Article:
This is the day which the Lord hath made: let us be glad and rejoice therein (Ps. 117.24)
Let us first examine that hour of darkness. "This darkness," explains Archbishop Fulton Sheen, "not only signified that men were putting out the Light Who illumined every man coming into this world, but also that He was denying Himself, for the moment, the light and consolation of His Divinity. Suffering now passed from the body [the passion of being crucified] into the mind and soul... : My God, My God, why hast Thou forsaken Me." Desolation and solitude was, according to the Archbishop, "the signal feature in the sufferings of Our Lord." "Sin," continues the Archbishop, "has physical effects, and these He bore by having His hands and feet excruciatingly pierced; sin has mental effects which He poured forth in the Garden of Gethsemane; sin also has spiritual effects such as a sense of abandonment, separation from God, loneliness. This particular moment He willed to take upon Himself that principal effect of sin which was abandonment.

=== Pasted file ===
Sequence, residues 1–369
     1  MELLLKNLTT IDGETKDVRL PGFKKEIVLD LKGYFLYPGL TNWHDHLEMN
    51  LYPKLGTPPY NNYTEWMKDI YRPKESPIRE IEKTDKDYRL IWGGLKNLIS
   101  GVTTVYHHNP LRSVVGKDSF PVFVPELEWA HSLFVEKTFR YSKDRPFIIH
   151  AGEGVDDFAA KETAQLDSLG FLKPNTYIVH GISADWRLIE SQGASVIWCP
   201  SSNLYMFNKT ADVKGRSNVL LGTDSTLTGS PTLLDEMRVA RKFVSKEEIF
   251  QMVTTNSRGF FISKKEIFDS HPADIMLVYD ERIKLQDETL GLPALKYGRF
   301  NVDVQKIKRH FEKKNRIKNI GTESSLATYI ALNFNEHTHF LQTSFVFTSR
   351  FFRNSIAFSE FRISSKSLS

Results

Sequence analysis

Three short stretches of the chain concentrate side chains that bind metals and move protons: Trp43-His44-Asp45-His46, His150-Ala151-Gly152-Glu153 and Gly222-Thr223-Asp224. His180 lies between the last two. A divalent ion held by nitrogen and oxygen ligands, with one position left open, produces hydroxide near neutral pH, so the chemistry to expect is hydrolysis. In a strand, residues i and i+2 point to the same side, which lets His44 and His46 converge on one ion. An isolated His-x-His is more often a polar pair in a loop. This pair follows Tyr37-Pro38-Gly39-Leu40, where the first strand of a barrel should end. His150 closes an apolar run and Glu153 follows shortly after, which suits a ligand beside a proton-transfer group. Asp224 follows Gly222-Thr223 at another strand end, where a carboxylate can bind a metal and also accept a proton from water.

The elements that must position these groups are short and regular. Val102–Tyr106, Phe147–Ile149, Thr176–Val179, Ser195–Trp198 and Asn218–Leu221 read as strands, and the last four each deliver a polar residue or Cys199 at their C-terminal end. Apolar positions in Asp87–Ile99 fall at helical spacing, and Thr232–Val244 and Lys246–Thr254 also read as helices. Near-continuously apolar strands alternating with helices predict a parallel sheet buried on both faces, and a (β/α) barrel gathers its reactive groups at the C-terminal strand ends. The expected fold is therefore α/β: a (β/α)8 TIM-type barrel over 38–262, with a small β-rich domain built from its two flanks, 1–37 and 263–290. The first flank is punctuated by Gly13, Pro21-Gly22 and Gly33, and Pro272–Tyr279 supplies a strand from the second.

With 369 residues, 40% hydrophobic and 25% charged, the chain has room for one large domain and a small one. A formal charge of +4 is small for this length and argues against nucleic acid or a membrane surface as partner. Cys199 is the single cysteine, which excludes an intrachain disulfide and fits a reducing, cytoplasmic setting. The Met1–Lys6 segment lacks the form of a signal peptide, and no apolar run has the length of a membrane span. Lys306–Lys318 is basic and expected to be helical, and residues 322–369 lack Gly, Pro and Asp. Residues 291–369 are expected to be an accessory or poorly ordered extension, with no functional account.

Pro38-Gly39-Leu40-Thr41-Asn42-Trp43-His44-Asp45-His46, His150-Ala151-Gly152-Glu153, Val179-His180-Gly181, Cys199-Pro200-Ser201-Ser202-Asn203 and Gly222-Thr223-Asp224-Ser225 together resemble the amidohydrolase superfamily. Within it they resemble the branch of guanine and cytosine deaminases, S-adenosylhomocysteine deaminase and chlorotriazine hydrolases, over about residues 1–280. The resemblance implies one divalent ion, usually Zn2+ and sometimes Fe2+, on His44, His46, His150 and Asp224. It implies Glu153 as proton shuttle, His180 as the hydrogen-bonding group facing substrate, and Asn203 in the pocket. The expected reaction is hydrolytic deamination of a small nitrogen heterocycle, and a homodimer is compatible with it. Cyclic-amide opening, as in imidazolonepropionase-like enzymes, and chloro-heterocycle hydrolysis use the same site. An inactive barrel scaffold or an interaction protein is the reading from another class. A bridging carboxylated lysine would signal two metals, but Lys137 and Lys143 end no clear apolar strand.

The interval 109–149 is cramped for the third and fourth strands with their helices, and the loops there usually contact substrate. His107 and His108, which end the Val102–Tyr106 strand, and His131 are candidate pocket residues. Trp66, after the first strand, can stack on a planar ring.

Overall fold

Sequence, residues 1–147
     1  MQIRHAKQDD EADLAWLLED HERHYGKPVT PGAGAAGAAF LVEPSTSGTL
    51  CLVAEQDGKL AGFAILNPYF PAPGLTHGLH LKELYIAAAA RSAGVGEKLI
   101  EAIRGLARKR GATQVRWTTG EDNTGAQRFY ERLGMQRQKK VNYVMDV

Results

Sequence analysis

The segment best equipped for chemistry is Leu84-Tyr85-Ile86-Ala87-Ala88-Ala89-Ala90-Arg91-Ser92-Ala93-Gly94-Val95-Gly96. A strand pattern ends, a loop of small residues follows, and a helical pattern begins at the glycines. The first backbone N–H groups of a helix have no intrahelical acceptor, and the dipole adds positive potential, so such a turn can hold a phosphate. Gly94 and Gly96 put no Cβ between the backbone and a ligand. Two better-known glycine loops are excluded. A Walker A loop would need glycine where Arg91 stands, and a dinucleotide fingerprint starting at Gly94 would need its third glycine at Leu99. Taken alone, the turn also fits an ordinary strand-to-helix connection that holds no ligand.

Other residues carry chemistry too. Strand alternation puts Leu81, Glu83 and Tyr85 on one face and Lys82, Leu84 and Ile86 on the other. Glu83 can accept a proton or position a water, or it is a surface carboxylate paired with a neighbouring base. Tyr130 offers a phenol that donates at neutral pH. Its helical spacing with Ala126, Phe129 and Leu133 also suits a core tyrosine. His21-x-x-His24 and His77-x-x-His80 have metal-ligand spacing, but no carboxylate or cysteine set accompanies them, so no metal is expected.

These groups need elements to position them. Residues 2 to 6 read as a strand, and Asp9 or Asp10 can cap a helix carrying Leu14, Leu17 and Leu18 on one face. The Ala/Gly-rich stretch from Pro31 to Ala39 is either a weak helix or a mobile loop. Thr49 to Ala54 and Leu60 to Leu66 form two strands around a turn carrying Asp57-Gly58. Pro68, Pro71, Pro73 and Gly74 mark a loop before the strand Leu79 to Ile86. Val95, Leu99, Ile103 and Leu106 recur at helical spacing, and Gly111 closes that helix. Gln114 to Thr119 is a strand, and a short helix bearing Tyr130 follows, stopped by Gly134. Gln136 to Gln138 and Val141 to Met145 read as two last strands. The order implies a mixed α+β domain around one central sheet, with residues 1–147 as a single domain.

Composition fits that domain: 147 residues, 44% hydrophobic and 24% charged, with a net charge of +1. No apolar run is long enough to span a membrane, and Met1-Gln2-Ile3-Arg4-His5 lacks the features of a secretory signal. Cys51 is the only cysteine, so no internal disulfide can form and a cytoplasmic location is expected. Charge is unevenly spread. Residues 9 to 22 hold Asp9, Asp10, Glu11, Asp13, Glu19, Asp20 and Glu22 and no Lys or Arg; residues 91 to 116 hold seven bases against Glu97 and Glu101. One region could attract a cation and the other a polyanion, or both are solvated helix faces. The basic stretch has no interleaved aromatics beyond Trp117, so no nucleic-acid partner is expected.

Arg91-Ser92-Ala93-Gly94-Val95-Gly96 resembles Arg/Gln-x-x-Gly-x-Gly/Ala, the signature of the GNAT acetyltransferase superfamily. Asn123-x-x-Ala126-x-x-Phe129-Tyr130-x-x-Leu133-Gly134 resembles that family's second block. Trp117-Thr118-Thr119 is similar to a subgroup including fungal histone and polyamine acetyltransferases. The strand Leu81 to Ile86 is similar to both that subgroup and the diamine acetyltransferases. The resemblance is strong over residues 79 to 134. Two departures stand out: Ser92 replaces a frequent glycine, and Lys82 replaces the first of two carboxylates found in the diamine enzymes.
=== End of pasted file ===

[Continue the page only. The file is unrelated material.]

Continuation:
Man rejected God; so now He willed to feel that rejection. Man turned away from God; now He, Who was God united personally with a human nature, willed to feel in that human nature that awful wrench as if He Himself were guilty... In that cry were all the sentiments in human hearts expressive of a Divine nostalgia: the loneliness of the atheist, the skeptic, the pessimist, the sinners who hate themselves for hating virtue, and of all those who have no love above the flesh; for to be without love is hell. It was, therefore, the moment when leaning on nails He stood at the brink of hell in the name of all sinners. As He entered upon the extreme penalty of sin, which is separation from God, it was fitting that His eyes be filled with darkness and His soul with loneliness....